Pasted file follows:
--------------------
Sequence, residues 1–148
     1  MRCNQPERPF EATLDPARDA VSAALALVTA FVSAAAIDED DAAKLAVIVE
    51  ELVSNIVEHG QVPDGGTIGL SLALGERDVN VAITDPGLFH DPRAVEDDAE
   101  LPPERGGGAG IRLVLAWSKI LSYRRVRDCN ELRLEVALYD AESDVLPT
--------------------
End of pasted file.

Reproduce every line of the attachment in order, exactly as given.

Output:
Sequence, residues 1–148
     1  MRCNQPERPF EATLDPARDA VSAALALVTA FVSAAAIDED DAAKLAVIVE
    51  ELVSNIVEHG QVPDGGTIGL SLALGERDVN VAITDPGLFH DPRAVEDDAE
   101  LPPERGGGAG IRLVLAWSKI LSYRRVRDCN ELRLEVALYD AESDVLPT